By You Suzunoki. Released in Japan by Kodansha, serialization ongoing in the magazine Weekly Morning. Released in North America digitally by Kodansha Comics. Translated by Erin Procter.
Despite occasionally feeling overwhelmed by new titles, I am grateful to the publishers putting out digital-only series for choosing some series that are clearly experiments, titles that would not have a remote chance of being licensed in print over here but can perhaps reach some kind of an audience digitally. We’re seeing long-running sports titles, some experimental josei, and now we have Kounodori, a series from Kodansha’s flagship seinen magazine about an obstetrician who helps expecting families when he’s not busy being a secret, mysterious piano player. Back in the day, I used to go buy a random Japanese manga magazine from Kinokuniya, crack it open, and see what was in there that we weren’t getting here. This is a classic example. It’s episodic rather than having a continuous plot, goes in for dramatic lectures and births rather than fight scenes, and the art style has characters whose looks are less cute and more natural.
“But is it good?”, I hear you cry. I’d say yes, it definitely is good, provided that you come at the series aware that at its core, this is a melodrama. In fact, it pretty much verges on soap opera. There’s little humor, and those who dislike authority figures moralizing over people in difficult circumstances may dislike the first story especially. But I’d say overall I really enjoyed reading it. The overdramaticness and small stakes help to give it a tense feel that goes along with the plot, as the story is basically “what new crisis is putting a pregnant mother in jeopardy?” over and over again. We start with a poor mother, abandoned by her boyfriend, who has not had any prenatal care until she’s ready to give birth – she is dressed down rather sharply by our titular doctor. The longest story in the book has a wife giving birth prematurely, with all the dangers inherent in that process, and lots of discussion of what’s safest for the mother and the child. A chapter on gonorrhea shows us the dangers of adulterous guys, particularly when their cheating causes harm to their unborn children. Lastly, we get a stripper who needs to have a C-section, and is horrified as she says it would ruin her career.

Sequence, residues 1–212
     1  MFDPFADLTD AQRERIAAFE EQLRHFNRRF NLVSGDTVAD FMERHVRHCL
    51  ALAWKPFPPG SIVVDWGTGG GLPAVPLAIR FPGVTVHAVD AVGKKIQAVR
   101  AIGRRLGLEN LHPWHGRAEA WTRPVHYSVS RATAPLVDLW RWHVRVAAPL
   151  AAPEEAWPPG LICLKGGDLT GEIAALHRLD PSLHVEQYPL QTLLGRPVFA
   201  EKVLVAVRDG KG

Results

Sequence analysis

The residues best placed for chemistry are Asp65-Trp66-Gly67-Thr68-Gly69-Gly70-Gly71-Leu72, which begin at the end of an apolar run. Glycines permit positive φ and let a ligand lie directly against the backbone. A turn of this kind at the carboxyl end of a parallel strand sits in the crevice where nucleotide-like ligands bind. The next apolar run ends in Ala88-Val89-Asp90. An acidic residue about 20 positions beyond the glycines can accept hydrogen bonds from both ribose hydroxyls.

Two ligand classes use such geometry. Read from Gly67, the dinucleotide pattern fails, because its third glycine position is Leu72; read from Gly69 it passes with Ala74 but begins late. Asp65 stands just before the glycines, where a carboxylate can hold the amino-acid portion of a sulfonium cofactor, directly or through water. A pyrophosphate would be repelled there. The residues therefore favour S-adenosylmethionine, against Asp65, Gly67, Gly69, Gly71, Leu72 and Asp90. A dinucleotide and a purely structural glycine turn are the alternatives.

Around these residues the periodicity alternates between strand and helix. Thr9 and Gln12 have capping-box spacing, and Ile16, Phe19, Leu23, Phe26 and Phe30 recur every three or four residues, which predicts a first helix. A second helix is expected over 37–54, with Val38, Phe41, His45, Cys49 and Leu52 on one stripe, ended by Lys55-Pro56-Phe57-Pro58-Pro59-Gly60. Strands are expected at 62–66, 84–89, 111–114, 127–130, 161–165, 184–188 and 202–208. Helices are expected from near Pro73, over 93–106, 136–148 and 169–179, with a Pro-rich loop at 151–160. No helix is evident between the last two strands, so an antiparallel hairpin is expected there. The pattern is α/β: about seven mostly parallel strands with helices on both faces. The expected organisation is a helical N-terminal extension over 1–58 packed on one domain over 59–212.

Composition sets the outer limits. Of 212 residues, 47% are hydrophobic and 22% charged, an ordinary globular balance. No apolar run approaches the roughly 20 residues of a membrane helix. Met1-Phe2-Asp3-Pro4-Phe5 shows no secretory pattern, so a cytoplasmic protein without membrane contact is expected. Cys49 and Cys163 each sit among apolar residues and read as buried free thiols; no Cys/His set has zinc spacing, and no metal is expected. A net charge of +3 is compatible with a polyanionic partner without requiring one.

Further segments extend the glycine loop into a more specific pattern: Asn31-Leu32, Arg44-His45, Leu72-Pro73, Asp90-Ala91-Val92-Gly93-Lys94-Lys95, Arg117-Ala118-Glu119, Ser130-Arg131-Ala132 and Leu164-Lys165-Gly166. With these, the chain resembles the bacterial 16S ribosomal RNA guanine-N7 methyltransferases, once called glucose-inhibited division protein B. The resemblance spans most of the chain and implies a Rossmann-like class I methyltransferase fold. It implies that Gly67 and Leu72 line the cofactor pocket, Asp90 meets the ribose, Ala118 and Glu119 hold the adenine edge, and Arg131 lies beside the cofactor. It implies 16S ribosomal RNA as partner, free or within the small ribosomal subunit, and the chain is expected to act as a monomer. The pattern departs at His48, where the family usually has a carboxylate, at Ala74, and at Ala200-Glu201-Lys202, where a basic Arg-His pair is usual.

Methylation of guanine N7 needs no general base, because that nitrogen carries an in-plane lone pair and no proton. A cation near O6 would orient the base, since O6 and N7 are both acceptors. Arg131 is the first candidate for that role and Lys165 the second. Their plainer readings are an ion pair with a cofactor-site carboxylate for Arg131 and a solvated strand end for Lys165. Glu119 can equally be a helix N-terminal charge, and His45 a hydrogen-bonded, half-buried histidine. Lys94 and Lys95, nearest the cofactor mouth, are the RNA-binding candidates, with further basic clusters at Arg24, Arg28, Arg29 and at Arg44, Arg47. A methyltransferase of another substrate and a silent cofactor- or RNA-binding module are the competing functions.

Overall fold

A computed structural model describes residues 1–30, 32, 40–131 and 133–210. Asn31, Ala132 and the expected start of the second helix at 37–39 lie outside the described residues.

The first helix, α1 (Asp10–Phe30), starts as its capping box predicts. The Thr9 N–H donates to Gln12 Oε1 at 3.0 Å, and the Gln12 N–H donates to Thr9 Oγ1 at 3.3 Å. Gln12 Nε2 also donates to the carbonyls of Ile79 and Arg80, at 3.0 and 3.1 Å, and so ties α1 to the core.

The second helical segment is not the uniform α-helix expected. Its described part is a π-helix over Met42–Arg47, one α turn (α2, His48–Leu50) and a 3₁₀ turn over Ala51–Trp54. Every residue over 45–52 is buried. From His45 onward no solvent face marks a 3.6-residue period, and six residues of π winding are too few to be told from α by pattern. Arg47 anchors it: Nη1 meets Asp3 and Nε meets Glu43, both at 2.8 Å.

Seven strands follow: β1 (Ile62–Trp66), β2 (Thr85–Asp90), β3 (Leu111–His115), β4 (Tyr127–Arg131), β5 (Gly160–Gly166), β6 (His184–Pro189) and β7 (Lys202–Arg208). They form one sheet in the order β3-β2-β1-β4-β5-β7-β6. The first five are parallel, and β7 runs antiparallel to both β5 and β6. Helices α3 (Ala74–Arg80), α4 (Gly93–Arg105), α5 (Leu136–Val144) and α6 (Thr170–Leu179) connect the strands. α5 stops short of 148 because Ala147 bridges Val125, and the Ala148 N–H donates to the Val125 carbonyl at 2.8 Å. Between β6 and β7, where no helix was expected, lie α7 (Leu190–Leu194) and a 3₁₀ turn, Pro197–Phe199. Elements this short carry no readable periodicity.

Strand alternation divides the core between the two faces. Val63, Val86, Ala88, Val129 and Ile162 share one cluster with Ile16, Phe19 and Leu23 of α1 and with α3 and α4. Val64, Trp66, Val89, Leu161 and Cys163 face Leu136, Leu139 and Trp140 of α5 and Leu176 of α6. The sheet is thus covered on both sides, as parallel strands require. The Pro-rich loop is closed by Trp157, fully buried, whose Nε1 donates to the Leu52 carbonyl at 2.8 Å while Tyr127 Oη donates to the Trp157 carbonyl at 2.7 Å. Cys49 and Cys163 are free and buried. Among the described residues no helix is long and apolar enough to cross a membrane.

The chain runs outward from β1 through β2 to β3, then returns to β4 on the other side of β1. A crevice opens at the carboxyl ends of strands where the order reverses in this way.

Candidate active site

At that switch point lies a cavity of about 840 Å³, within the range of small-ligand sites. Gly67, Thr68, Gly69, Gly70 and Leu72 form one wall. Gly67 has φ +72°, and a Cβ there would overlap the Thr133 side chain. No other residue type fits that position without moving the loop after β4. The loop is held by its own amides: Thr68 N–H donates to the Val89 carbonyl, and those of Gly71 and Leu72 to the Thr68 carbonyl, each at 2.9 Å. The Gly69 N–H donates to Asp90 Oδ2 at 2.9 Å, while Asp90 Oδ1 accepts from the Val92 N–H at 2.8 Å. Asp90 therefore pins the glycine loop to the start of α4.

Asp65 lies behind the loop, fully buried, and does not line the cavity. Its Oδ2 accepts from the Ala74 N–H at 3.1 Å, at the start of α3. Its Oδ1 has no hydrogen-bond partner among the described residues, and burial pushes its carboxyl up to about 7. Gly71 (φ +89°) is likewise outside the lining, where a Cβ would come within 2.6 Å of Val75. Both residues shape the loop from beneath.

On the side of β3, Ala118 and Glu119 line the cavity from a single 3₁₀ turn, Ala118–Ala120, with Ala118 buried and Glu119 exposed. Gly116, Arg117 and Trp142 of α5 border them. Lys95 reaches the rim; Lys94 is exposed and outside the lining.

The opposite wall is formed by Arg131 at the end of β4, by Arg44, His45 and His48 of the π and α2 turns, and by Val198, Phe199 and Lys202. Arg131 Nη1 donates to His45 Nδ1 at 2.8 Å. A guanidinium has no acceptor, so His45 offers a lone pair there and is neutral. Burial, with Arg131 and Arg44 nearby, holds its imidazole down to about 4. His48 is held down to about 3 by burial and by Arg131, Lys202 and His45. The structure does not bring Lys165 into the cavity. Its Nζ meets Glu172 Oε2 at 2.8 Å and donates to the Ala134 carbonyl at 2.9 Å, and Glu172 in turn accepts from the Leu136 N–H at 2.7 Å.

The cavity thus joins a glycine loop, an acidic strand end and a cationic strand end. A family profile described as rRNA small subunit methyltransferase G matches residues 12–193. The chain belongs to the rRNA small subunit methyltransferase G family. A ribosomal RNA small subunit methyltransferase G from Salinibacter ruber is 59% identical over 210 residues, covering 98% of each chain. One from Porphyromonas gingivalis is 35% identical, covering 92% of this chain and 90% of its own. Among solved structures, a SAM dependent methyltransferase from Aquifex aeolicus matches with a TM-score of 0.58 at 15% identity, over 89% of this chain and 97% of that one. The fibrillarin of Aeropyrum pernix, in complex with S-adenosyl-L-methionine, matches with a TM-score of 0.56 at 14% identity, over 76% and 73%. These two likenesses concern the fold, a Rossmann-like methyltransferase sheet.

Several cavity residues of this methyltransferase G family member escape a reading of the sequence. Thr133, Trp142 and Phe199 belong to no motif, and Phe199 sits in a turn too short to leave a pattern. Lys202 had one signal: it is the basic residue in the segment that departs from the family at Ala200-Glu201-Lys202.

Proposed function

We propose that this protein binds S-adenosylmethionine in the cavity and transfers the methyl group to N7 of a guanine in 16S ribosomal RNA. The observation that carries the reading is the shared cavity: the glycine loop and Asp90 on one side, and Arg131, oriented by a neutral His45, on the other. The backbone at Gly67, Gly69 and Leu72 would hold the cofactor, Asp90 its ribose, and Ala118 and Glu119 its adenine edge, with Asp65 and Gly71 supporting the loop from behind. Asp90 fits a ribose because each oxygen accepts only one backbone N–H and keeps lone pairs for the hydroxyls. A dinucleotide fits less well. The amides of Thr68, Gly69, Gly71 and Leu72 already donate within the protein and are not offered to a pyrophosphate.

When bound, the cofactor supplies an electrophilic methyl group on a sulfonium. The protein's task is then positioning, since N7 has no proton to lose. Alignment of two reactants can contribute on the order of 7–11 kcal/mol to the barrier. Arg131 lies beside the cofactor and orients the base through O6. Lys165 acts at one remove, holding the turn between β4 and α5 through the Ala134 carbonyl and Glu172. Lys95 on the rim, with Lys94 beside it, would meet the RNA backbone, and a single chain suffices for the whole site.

I’ll be honest, I’m still not quite sure why he also moonlights as a piano player, except to make this something other than a standard medical drama. We do get a bit of Kounodori’s past – he grew up as an orphan, and was bullied – but that mostly serves to show us how he’s grown into a fine compassionate man. There’s also a lot of emotions in this, with the exception of Kounodori himself. The husbands are twitchy, the wives are yelling, and his fellow obstetrician looks to constantly be on the verge of breaking down. And at times the moralizing that Kounodori is prone to can be annoying. But for the most part, I really enjoyed reading a type of series I never thought I’d see over here. I suspect, given its ‘story of the week’ nature, that you can dip into the books at any volume, but the first is always a good place to start.